Saturday, January 07, 2006

01/07/06, The Book

The book is within easy reach. “The Evolution of the Idea of God (and other essays).” The link under “Links” will carry you to it. The bird, as the story goes, is in your hands.

Here’s the way it is in two parts. The first part is the book. It says what I have to say (at this point in my life) as well as I can say it. Whether it is worth saying is your call. I don’t know if it is worth saying. I can’t tell. How am I to know? I have to say it and see. “The response,” says Deena Metzger, “determines everything that follows.” So, I wrote it to see if it was worth writing.

The second part is marketing the book; getting it “out”; putting it “within easy reach” of folks who might want to read what I have to say. It’s easy enough to place it with Amazon (and it should be there within two weeks); and it is easy enough to get it on the “Local Interest” shelf of the Barnes & Noble just down the street (But not so easy to get it into Borders, also down the street, which is interesting. Why not? I don’t know.). But, when it comes to Barnes & Noble in High Point, NC (15 miles away), or Winston Salem (30 miles away), or Durham, Raleigh, Chapel Hill, and Charlotte, it’s a story with a different outcome. The people at Barnes & Noble are kind, gracious, and genuinely want to be helpful, but they have to make a buck, and they wonder how I plan to pack ’em in at a book signing in Charlotte, or Raleigh, or even Winston Salem. Where is my audience in a location where I am a “complete unknown”? How do I sell a book to those who have never heard of me? I’m sure you see the problem. It’s a visibility problem. It’s a promotion problem. It’s an advertising/marketing problem.

Writing the book is the easy part. Wrestling it into shape to be printed is a bit more difficult. Selling it, now that’s a bear. This, of course, is where you come in. Is it worth buying? You don’t even have to buy it to know whether you would be interested in buying it. But, the number of sales generated by this blog and my web site ( will determine how much effort I put into regional promotion. And that would take a lot of effort, and I have better things to do than waste effort at this point in my life. So, here’s my spiel about the book:

Everybody knows what they are supposed to think about God, and everybody knows what they think about God, but not everybody knows what to do with the discrepancy. Everybody in the church discounts, dismisses, discredits, diminishes, disappears, denies the discrepancy. Nobody in the church talks about it. If the discrepancy is such that you cannot ignore it, you just leave the church, because no one there will listen to your problem, or admit that discrepancies exist.

William Hamilton says there hasn’t been a fresh idea about God in 2,000 years. He is quick to amend that by saying there hasn’t been a fresh idea about God allowed into the church in 2,000 years. There have been plenty of fresh ideas about God. Most of them were burned at the stake. After the stake was disallowed, the fresh ideas about God were ostracized, tarred and feathered, run out of town. They were condemned from the pulpits and promptly ignored. They were not permitted to enter the “main stream” of the church.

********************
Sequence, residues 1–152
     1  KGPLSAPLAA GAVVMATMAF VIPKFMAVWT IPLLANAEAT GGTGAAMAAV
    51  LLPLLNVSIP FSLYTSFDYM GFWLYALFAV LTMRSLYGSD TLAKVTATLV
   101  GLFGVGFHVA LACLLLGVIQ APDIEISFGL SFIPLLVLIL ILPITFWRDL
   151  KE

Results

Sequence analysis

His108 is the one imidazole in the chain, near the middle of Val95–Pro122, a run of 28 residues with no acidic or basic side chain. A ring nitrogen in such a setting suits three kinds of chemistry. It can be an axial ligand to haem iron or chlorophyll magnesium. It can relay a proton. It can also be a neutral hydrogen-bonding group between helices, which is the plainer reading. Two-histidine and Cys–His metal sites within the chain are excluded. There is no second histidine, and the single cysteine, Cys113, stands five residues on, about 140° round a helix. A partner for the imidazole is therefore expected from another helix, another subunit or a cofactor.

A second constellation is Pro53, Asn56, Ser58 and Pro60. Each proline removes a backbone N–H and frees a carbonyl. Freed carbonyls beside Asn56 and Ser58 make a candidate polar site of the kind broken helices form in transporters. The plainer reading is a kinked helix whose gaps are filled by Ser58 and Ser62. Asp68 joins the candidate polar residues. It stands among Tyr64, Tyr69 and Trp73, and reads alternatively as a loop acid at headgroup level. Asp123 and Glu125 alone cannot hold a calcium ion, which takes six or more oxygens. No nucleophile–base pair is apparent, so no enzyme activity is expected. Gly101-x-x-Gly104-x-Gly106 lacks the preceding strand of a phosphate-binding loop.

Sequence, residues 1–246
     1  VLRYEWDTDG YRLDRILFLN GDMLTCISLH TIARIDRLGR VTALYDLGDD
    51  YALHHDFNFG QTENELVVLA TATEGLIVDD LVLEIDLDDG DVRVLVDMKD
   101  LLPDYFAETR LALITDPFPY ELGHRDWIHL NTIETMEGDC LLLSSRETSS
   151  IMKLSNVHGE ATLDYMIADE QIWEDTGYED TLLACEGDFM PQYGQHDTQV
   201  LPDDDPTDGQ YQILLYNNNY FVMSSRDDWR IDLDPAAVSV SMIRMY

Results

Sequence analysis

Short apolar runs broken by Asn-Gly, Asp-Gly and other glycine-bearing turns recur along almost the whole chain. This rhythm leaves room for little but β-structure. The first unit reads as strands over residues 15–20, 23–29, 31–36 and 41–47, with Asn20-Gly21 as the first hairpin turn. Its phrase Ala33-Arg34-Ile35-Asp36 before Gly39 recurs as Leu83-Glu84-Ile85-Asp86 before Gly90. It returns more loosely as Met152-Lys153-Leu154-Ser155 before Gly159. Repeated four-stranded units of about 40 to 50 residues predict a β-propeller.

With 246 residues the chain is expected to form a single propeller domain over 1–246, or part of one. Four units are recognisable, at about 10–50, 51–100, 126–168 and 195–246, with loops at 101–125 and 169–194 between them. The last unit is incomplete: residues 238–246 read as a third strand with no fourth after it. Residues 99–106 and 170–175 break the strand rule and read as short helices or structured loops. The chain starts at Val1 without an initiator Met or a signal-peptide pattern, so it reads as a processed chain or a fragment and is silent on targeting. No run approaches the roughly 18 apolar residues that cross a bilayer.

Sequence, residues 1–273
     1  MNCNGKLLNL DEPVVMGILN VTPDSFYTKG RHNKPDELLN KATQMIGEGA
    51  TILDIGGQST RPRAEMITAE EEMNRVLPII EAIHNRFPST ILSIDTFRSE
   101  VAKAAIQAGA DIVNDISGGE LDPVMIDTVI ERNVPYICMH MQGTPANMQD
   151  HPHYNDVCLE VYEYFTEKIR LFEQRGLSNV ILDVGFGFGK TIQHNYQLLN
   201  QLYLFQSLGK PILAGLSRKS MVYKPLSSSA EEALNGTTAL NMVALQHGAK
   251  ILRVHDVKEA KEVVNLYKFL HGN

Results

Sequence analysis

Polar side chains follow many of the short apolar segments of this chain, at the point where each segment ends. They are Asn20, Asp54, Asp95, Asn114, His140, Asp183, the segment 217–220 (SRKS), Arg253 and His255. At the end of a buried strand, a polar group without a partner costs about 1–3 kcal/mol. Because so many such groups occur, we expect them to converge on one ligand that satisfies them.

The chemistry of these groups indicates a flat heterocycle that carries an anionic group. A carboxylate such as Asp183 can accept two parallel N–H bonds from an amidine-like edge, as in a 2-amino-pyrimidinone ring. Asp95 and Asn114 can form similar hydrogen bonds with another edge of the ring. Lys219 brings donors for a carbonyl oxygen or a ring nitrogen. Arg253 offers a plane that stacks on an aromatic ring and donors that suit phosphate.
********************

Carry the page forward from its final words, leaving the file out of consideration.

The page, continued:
Source Criticism has known the Bible isn’t what it appears to be—what it is believed to be—for, what, four generations, at least. Do you think that is reflected in any of the Bible studies conducted in any of the churches of the land? Source Criticism may be taught in some of the seminaries, but it doesn’t “work” at the “local level,” because, while people there pay you to talk to them about God, you can’t tell them something they haven’t already heard.

Rudolph Bultman’s “demythologizing the Bible” was a fresh idea that created a ripple, and disappeared. No one in the churches of the land talks about “demythologizing the Bible.” Probably, no one under 35 has even heard the term. The “God is Dead” controversy was a blip on the smooth surface of how the church likes things to be, and then it was gone. “Liberation theology,” produced a small wave and was lost. The Feminist movement made a run at transformation, yet the number of churches today that make a concerted effort at something as simple as inclusive language is pitifully small. The Jesus Seminar presented the church with the possibility of recasting the gospel story, and the church wasn’t interested. The church is interested only in perpetuating the fiction it wants to be true.

“But it IS true!”, proclaims the church, dismissing and denying the discrepancies which crack, rend and shatter the truth it holds so dear. “The Evolution of the Idea of God” is a book about those discrepancies, and about forging a new synthesis between some of the old ideas and some of the fresh, new, insights generated by the work to reconcile the contradictions between what we know about how the world works and what we have been told about how the world works. It offers a fresh way of being the church to those who are interested in a church that is quite different from the church of their experience. The hope of the book is that there are those who are interested.

So. What do you think?

1 comment:

rrusso said...

Wish I could help you out with the marketing problem. I started reading it after church Sunday and of course am loving it so far but then you're preaching to the choir. Typically, those churches that need it the most won't touch it with a ten foot pole. You know. Blasphemy and all that. Sometimes it's all about the language. I remember reading books like this years ago and would simply dismiss it all as some liberal hogwash at best and a demonic deception at worst.
Well good luck. I'll pass the word as best I can.
Ron Russo